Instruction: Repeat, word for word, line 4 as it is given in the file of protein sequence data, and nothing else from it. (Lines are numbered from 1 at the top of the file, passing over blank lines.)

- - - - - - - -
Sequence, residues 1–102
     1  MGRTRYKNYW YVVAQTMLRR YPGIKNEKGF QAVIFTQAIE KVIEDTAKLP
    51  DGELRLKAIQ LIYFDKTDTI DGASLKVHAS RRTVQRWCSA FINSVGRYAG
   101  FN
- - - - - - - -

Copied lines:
   101  FN